Manitoba parks defense
- Industrial activity parks
- Goals for more parks and protected areas
- Indigenous protected areas in Manitoba
- The outdoor recreation community and parks
- Nature and our health
- Parks protecting species
A major threat to Manitoba provincial parks is mineral exploration, and in Duck Mountain, there is still clearcut logging. The Wilderness Committee continues to call for an end to industrial activity in provincial parks so that we don’t have to worry about parklands being destroyed.
Way back in 1961 when our provincial park designation was established, it was thought that industrial development and protection of nature could co-exist. Scientific studies and traditional ecological knowledge proved long ago that isn’t the case. Industrial activity damages the nature that parks are meant to preserve, but Manitoba is a laggard in park protection.
After nearly a decade of the Wilderness Committee generating public awareness about clearcut logging in Manitoba provincial parks, the government announced in 2008 they were ending logging in 12 of 13 parks. In just two years we helped deliver 23,000 letters to the Manitoba government, demanding an end to park logging. Now, Duck Mountain Provincial Park is the only park in Manitoba being actively logged and one of only two in Canada.
Clearcutting for Louisiana-Pacific’s mill in Swan River continues to have a devastating impact in Duck Mountain Provincial Park. The Environment Act licence to log “the Ducks” (as the park is known), was set to expire on Dec. 31 of last year, but Premier Brian Pallister’s Progressive Conservative government quietly extended the licence for another two years.
In 2011, the Wilderness Committee broke the story about the destruction caused by mineral exploration in Nopiming Provincial Park. After a subsequent education report released in 2012 entitled ‘Ban Park Mining,’ the Manitoba government agreed to halt mineral exploration in parks. Unfortunately, this agreement was not enshrined in legislation. When Premier Pallister’s Progressive Conservative government came to power he reversed this directive. And in 2018 we uncovered further destruction in Nopiming Provincial Park that is ongoing.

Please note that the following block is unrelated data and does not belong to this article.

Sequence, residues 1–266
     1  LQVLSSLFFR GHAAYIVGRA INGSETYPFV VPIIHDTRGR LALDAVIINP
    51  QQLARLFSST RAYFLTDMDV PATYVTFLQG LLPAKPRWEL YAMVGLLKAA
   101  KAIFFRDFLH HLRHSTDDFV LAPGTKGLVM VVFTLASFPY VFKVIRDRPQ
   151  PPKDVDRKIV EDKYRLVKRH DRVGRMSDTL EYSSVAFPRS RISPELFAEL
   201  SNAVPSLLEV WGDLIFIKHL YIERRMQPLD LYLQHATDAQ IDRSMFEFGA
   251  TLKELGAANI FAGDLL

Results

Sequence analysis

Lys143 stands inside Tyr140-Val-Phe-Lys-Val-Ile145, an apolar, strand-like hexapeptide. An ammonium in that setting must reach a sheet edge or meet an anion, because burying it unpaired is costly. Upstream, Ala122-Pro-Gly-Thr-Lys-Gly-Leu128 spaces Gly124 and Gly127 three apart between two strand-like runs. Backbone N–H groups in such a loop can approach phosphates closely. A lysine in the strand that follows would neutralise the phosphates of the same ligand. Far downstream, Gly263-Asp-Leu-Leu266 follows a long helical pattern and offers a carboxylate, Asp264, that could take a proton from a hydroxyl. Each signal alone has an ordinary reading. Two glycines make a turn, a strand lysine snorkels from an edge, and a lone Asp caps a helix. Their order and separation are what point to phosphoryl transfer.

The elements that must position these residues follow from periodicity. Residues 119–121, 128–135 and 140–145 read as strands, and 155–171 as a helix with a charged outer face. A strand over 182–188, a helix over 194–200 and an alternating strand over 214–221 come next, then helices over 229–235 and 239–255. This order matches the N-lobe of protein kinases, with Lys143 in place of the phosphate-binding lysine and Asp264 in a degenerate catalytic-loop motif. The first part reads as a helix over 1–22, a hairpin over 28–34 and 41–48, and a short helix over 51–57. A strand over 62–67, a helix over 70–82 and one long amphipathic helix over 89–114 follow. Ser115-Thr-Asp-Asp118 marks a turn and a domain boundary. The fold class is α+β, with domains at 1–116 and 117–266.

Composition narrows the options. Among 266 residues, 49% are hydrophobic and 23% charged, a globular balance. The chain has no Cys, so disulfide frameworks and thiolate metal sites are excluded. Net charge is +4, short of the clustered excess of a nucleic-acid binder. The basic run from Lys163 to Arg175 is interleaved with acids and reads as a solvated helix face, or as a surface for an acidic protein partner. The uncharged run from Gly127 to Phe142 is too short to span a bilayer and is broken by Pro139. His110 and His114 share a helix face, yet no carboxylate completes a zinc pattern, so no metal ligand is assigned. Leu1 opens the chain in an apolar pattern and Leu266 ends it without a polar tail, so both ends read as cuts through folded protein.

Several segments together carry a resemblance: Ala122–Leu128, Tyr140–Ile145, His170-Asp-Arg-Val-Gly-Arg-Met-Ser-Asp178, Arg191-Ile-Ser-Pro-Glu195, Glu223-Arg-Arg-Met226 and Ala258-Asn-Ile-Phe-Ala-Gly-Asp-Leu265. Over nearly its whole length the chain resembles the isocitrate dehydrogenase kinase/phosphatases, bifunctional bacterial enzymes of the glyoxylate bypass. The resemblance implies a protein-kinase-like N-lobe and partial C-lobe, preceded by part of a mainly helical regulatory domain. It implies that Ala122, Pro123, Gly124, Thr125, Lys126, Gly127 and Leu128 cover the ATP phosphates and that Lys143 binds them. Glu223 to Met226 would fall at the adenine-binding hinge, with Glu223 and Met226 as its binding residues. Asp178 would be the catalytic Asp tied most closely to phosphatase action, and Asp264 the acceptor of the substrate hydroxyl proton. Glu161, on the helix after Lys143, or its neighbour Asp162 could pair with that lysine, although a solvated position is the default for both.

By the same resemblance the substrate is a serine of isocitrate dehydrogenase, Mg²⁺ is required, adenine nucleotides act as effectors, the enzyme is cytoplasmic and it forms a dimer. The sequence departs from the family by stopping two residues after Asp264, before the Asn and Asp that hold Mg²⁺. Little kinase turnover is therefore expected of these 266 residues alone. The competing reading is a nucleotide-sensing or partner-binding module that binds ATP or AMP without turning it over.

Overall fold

Despite independent polling showing, 70 per cent of Manitobans want industrial activity to be phased out of parks, the Manitoba government continues to allow mining claims and park destruction.
Nopiming, Whiteshell, and Grass River Provincial Parks each have more than half the park unprotected from park mining activity.
Protecting nature and wilderness from disturbance is not just a feel-good measure that ensures we have places to visit. Protected areas are critical for human society because they are our life support system.
In the 1980s the world was starting to recognize intact nature needed to be preserved for the wellbeing of the planet. Protecting 12 per cent of lands on Earth by 2000 was proposed and most jurisdictions in the world adopted this goal. Manitoba signed on to this agreement in 1992 when not even 1 per cent of the lands were protected, the least protection of any province.
Manitoba established a Protected Areas Initiative (PAI) to move forward on preserving nature in the province. By 2000, 8.6 per cent of the province was protected from development according to standards set by the International Union for the Conservation of Nature (IUCN). PAI worked on hundreds of different areas nominated for protection and published maps and progress reports. The pace of protection was not fast enough to prevent biodiversity decline, but it was progress.
Premier Pallister’s Progressive Conservative government quietly disappeared the PAI in 2019, ending decades of critical work for our province. There’s no science behind ending this initiative, only stale ideology that’s going to harm Manitoba environmentally, economically — and emotionally.
In 2020 Manitoba is now at 11.1 per cent lands protected, still below the old goal and 20 years late. In 2010 the world again set a target of 17 per cent of lands protected by 2020. While Canada has signed on to this goal, Premier Pallister’s Progressive Conservative government refused to. More recently scientists and advocates of the UN Convention on Biodiversity have stated we need to protect 30 per cent of the planet by 2030.
Manitoba needs a protected area goal. We’re not immune to the biodiversity crisis. Rather, we can be global leaders in protection because we have intact nature. But the toxic and persistent notion that short term profit is more important than our life support system is holding us back.
The Wilderness Committee is calling for a target and timeline for protected areas in Manitoba, and for the government to enshrine these targets and timelines in law with the consent of Indigenous communities.
Indigenous protected areas are the future of conservation work, both in Manitoba and around the globe. Where once parks were overlaid upon Indigenous traditional territory without proper consultation or consent, we must now ensure Indigenous communities are supported as guardians of nature in their territories.
The Wilderness Committee published an educational report, No Conservation without Justice, in September 2020, calling for those in the environmental movement to centre justice for Indigenous peoples in our work, because all the land we’re on is Indigenous land.
We know the creation of parks in Manitoba and Canada hasn’t always been done right, and have sometimes contributed to the further dispossession of Indigenous peoples whose lands and waters have been protected. Any new parks here must be established with the leadership of Indigenous peoples.